FIG. 3 shows a protective carbon bar 4 with a slot 5, as in FIG. 2, but additionally provided with one or more pieces 15 of RHM projecting from its upper face 6. This RHM may, for example, be TiB2 or a TiB2 composite material. As shown, there is a single piece 15 in the form of a strip of rectangular cross-section, received in a groove 16 machined in the upper face of bar 4. These strips 15 can be force fitted in the groove 16 or secured by a bonding grout such as pitch, possibly reinforced by mechanical securing means. Below the groove 16 the bar 4 has a section 17 which covers the top of the current-collector core. In a modification, it is possible to dispense with this section 17 and weld the RHM strips or other pieces along their entire length or at given locations to the top of the current collector core. This provides for an excellent electrical connection between the current collector and the RHM strip at the expense of a diminution of the protective effect of the carbon header bar against the ingress of molten aluminum and electrolyte. However, an adequate protective effect can still be obtained.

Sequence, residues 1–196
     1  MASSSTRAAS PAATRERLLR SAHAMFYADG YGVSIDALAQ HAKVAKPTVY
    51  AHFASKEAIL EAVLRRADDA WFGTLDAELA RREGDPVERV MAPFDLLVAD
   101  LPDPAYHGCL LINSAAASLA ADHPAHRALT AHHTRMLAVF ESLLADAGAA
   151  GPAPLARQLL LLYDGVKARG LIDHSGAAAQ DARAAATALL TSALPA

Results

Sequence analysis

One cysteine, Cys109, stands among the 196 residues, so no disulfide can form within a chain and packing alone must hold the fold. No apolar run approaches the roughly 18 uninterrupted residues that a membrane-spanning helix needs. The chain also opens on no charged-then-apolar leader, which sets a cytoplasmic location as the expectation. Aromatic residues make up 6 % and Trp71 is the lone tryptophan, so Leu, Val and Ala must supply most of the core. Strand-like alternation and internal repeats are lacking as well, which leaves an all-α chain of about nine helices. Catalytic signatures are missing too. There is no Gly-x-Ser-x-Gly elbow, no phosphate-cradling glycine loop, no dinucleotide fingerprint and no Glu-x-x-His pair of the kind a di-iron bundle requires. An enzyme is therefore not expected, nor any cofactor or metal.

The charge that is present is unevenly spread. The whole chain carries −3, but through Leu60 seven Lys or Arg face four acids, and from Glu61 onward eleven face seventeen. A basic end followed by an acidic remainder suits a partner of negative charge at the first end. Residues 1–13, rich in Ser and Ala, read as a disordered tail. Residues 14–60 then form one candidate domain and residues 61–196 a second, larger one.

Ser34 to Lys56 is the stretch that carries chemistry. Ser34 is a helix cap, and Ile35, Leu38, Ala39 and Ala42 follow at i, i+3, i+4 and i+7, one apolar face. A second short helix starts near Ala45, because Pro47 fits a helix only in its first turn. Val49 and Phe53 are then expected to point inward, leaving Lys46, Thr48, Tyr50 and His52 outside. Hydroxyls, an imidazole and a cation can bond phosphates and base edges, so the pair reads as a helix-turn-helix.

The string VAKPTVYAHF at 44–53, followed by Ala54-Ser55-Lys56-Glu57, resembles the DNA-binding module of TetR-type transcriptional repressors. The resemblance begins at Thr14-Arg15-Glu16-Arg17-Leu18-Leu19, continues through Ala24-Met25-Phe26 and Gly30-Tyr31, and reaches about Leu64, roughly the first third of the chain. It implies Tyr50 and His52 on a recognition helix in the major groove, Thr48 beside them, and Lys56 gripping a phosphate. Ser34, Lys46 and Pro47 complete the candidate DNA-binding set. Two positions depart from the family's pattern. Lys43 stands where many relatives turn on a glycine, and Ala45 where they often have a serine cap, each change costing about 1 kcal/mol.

The embodiment of carbon bar 4 shown in FIG. 4 also has RHM pieces embedded in its upper face 6. Here the RHM pieces are for example, as shown, discs 20 of generally cylindrical shape but they could have other shapes such as rectangular, polygonal, star-shaped or other regular shapes or they could be pieces of random shapes and dimensions, such as lumps or flakes. The illustrated flat discs 20 are flush with the upper face 6 but these discs or other pieces could protrude from the upper face. The discs or other pieces may as shown be spaced apart from one another or they may be in touching relationship. It is also possible for such RHM pieces to be embedded in the side faces of bar 4 adjacent its upper face 6, for applications where the bar 4 protrudes above the cell bottom. RHM pieces can be embedded in a carbon body, e.g., by blending RHM pieces with graphite or carbon particles and a pitch binder and sintering/hot pressing, e.g., as described in U.S. Pat. No. 3,661,736.